The Guardians

Paula Rego
The Guardians

Paula Rego (b. 1935 Lisbon, Portugal), The Guardians, 2009, Etching and aquatint, hand colored, 25 x 20 inches (63.5 x 50.8 cm), Museum Purchase, The Dorothy Johnston Towne (Class of 1923) Fund 2021.12.2

The Davis Museum recently acquired The Guardians by Paula Rego, which is the first work by the artist in the collections. Portuguese-born British artist Dame Paula Rego graduated from the Slade School of Fine Art in London in 1956. A renowned member of the Royal Academy, Rego was the first artist-in-residence at the National Gallery in London. She was bestowed the honors of Grand Cross of the Order of Saint James of the Sword by the President of Portugal in 2004 and Dame of the British Empire by Queen Elizabeth II in 2010. Rego draws inspiration from the twentieth-century Surrealist movement to incorporate elements of magical realism into her paintings and prints. She explores feminist themes in narrative scenes that place women in fantastical situations often inspired by fairy tales.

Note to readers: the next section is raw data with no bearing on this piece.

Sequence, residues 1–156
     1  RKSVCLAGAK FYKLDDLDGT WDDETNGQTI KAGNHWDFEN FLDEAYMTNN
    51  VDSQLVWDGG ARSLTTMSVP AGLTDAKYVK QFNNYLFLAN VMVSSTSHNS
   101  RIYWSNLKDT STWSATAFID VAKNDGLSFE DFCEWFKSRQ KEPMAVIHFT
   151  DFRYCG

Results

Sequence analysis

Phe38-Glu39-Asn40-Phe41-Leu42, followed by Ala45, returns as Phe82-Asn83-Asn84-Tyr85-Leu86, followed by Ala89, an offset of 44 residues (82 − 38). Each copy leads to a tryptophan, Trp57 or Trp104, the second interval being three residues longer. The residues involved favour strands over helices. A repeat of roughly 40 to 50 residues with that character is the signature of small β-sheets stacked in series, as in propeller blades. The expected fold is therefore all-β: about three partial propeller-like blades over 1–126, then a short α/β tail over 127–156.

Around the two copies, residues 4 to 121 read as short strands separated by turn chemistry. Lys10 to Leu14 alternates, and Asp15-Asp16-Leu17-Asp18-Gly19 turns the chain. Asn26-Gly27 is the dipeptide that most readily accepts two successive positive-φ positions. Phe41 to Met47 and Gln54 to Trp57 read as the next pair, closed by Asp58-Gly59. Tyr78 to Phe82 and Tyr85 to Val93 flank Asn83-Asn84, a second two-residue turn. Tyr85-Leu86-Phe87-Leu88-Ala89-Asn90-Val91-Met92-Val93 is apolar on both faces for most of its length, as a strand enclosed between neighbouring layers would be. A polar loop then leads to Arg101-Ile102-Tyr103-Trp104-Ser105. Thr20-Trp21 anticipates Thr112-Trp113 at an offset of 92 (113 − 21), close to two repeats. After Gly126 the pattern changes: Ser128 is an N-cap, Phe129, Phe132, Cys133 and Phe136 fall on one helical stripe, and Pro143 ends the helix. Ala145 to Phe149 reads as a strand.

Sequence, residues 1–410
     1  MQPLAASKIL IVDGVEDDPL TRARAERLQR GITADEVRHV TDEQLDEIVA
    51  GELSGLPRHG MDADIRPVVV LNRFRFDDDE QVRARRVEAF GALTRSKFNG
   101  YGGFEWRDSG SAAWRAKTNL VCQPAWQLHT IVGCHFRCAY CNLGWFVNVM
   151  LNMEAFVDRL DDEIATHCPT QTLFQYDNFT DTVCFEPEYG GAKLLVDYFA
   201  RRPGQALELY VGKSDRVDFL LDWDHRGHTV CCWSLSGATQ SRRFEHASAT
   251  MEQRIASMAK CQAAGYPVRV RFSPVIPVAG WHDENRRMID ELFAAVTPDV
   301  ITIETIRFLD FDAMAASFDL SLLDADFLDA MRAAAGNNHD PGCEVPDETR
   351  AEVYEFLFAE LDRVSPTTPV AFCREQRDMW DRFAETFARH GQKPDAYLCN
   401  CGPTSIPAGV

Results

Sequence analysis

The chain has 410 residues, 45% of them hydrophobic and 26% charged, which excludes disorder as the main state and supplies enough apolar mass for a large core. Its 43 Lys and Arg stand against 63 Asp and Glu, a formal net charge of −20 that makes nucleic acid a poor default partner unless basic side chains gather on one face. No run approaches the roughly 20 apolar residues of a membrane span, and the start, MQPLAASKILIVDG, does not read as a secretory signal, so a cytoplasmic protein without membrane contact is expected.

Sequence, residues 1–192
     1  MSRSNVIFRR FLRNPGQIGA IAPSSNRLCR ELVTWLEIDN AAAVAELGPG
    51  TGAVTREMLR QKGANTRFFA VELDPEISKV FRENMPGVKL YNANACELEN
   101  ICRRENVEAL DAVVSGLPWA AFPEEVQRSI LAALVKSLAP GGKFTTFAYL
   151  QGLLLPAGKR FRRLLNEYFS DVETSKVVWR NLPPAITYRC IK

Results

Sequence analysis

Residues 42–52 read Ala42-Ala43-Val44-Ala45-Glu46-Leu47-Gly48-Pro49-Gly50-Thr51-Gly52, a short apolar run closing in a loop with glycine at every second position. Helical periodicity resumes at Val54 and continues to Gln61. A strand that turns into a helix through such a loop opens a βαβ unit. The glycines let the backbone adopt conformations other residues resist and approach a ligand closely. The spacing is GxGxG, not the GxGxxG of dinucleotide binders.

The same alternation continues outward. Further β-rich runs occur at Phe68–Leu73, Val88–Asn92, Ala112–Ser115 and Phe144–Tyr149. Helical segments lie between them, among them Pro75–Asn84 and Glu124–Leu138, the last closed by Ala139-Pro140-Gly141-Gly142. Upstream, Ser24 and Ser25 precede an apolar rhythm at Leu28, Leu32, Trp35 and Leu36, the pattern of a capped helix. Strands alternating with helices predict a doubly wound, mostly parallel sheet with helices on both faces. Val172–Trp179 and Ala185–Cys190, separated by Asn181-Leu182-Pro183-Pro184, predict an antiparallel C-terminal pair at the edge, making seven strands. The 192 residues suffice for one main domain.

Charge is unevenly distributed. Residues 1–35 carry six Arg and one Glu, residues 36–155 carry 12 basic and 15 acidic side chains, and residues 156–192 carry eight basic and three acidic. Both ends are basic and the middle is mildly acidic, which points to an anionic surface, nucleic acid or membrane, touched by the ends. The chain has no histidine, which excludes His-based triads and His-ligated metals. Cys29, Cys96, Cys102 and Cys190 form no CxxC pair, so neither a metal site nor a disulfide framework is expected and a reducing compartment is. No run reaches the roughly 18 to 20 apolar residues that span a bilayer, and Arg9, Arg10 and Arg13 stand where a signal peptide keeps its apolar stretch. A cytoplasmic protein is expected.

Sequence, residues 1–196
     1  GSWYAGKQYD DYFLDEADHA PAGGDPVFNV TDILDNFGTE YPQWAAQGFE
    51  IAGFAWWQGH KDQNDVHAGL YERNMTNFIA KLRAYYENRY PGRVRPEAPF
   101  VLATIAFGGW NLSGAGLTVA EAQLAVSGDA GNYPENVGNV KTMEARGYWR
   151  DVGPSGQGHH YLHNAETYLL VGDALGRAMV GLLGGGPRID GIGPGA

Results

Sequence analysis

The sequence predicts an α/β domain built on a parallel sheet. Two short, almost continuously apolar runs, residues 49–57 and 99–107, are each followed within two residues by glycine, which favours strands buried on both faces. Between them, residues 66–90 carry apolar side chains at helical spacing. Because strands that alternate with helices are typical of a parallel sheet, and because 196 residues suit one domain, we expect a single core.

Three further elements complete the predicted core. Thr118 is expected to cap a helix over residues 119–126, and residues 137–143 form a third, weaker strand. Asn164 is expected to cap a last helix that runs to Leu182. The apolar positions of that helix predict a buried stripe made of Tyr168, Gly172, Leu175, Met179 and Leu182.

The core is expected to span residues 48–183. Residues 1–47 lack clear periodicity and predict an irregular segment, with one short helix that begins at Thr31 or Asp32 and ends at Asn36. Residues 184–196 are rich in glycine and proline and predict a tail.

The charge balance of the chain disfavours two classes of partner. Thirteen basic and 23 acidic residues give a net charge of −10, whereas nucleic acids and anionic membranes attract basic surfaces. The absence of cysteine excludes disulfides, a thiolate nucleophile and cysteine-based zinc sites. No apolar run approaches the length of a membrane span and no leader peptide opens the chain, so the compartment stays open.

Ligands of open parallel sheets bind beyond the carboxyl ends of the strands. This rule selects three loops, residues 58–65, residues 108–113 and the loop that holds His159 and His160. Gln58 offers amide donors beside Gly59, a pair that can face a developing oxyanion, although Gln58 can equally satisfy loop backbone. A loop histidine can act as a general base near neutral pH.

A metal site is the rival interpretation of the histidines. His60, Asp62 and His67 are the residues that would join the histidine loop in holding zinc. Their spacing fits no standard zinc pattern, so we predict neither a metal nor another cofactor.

The Guardians is one of the six etchings related to—but not included in—Rego’s six-etching portfolio, The Curved Planks. All twelve etchings were inspired by a fable written by French poet Yves Bonnefoy. In the fable, an orphaned boy convinces a giant to take him across a marshy river in a boat made of curved planks. The giant explains the words “father” and “mother” to the boy, and the boy asks the giant to become his father. As the giant and boy go across the river, the boat sinks under the weight of the two and they are forced to swim. The Guardians does not portray a specific scene from the story, instead focusing on the giant, who is presented in the guise of St. Christina, the patron saint of mental illness. Leisurely sitting in the boat that appears throughout the series, she stares off into the distance, seemingly unaware of the figures surrounding her. The woman on the right holds a baby, who may be a reference to the boy in Bonnefoy’s fable. Yves Bonnefoy summarized the story as “a fable in which one sees a small child emerge from pre-language nothingness, seeking his very existence, and meeting someone with whom he faces a passage which will be at once death and victory over death.”1

Yves Bonnefoy, postscript to The Curved Planks, 2014,